Saudi Arabia has some of the most permissive (if complicated) abortion laws in the MENA region, according to the US-based Centre for Reproductive Studies. The Saudi legal code, which is regularly criticised by human rights groups for discriminating against women in family matters, allows for abortion procedures in the interests of a mother’s physical or mental health. The Hanbali school of legal thought, predominant in Saudi Arabia, does not have a unified stance on abortion, and many opinions permit the termination of a pregnancy before 120 days. However, Islamic legal doctrine is far from united on the issue. The Hanafi and Shafii codes also tolerate abortion in certain circumstances, while the Maliki school prohibits the procedure entirely, viewing the fertilized foetus as the immediate potential of life in the hands of God.
“The overturning of Roe v Wade] is essentially state-sanctioned, state-imposed, gender-based violence to women.”—Kavita Mehra, Sakhi for South Asian Women
Abortion in Australia has been fully decriminalised in all jurisdictions, starting with Western Australia in 1998 and lastly in South Australia in 2021.
Since 1953, article 270 of the South Korean Criminal Code specifically prohibits medical practitioners, licensed doctors or other medical professionals from performing abortions, even with the pregnant woman’s request or consent. Japan’s laws on abortion are considered to be conservative.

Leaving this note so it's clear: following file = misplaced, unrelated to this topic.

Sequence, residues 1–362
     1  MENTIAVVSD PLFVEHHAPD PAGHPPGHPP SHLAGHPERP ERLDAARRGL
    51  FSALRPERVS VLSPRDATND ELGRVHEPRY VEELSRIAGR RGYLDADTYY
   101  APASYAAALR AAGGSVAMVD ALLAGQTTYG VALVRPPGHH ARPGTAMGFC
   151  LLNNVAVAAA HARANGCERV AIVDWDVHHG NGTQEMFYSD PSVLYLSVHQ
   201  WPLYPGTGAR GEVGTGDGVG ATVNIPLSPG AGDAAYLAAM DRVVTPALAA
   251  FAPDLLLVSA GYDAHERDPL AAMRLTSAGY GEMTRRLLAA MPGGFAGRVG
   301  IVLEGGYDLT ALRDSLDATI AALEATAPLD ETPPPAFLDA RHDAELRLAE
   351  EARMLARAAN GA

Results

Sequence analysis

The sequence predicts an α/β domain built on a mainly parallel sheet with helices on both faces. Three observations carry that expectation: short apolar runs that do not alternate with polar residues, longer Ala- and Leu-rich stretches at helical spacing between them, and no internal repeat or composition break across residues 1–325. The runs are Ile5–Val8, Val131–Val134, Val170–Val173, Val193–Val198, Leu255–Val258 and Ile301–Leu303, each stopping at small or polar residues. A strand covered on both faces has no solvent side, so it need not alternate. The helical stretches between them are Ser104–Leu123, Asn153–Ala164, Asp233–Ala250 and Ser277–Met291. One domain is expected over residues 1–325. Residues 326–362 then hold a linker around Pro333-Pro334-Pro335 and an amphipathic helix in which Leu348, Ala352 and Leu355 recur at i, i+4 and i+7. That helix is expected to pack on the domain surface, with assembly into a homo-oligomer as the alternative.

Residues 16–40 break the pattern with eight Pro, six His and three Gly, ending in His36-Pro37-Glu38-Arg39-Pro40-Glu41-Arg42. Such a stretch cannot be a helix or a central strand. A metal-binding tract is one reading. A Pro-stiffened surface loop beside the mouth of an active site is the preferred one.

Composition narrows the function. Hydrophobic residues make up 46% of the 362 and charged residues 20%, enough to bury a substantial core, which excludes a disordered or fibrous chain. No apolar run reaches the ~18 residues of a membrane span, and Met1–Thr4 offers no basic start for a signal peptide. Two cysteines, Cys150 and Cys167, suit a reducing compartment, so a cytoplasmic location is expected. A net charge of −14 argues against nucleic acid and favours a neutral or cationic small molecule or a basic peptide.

No abortifacient has been approved in Japan. Approved doctors, however, can choose to use imported abortifacient under the same Maternal Health Protection Law. Any other person who aborts a fetus using abortifacients is considered a crime and will be punished.
Abortion in Canada is legal at all stages of pregnancy, regardless of the reason, and is publicly funded as a medical procedure under the combined effects of the federal Canada Health Act and provincial health-care systems. However, access to services and resources varies by region. Abortion is available on request to any woman up to twelve weeks into a pregnancy. Expect considerable traffic of pregnant American women crossing their 5,500-mile border.
As might be expected in a Catholic country, abortion in Brazil is a crime, with penalties of 1 to 3 years of imprisonment for the pregnant woman, and 1 to 4 years of imprisonment for the doctor or any other person who performs the abortion on someone else.
But in Mexico; abortion is available in Mexico City and the states of Oaxaca, Hidalgo, Veracruz, Colima, Baja California, Sinaloa, Guerrero and Baja California Sur. In border states of Sonora, Chihuahua, Coahuila, Nuevo León, and Tamaulipas, abortion is illegal. Therefore border traffic at Tijuana can be expected to grow, but other crossing points on the 2,000-mile border will be less popular
Perhaps the most damning comparison for the USA is with a country currently vilified by most of the world for its repressive, aggressive and autocratic regimes: Russia. Abortion in Russia is legal as an elective procedure up to the 12th week of pregnancy, and in special circumstances at later stages. In an effort to reduce abortion related deaths,
“The Constitution does not protect the right to abortion because it does not mention that right.”—Majority Opinion, Justice Samuel Alito.